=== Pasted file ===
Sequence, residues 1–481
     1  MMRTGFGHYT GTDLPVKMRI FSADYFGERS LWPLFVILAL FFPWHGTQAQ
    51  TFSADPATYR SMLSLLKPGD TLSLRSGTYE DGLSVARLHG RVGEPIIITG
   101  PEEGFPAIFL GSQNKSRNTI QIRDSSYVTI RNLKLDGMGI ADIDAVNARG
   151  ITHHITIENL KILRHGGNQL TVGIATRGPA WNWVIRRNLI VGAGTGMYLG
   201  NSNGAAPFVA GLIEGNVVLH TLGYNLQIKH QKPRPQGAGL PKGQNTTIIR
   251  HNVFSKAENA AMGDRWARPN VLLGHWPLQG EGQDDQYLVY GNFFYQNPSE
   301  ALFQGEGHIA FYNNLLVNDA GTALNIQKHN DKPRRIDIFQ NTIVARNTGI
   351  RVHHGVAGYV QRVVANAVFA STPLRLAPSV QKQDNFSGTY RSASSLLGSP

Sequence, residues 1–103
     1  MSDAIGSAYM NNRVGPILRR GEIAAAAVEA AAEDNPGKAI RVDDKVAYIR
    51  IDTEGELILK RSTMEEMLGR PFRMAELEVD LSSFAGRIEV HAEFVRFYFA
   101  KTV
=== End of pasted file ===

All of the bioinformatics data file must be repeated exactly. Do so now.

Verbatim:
Sequence, residues 1–481
     1  MMRTGFGHYT GTDLPVKMRI FSADYFGERS LWPLFVILAL FFPWHGTQAQ
    51  TFSADPATYR SMLSLLKPGD TLSLRSGTYE DGLSVARLHG RVGEPIIITG
   101  PEEGFPAIFL GSQNKSRNTI QIRDSSYVTI RNLKLDGMGI ADIDAVNARG
   151  ITHHITIENL KILRHGGNQL TVGIATRGPA WNWVIRRNLI VGAGTGMYLG
   201  NSNGAAPFVA GLIEGNVVLH TLGYNLQIKH QKPRPQGAGL PKGQNTTIIR
   251  HNVFSKAENA AMGDRWARPN VLLGHWPLQG EGQDDQYLVY GNFFYQNPSE
   301  ALFQGEGHIA FYNNLLVNDA GTALNIQKHN DKPRRIDIFQ NTIVARNTGI
   351  RVHHGVAGYV QRVVANAVFA STPLRLAPSV QKQDNFSGTY RSASSLLGSP

Sequence, residues 1–103
     1  MSDAIGSAYM NNRVGPILRR GEIAAAAVEA AAEDNPGKAI RVDDKVAYIR
    51  IDTEGELILK RSTMEEMLGR PFRMAELEVD LSSFAGRIEV HAEFVRFYFA
   101  KTV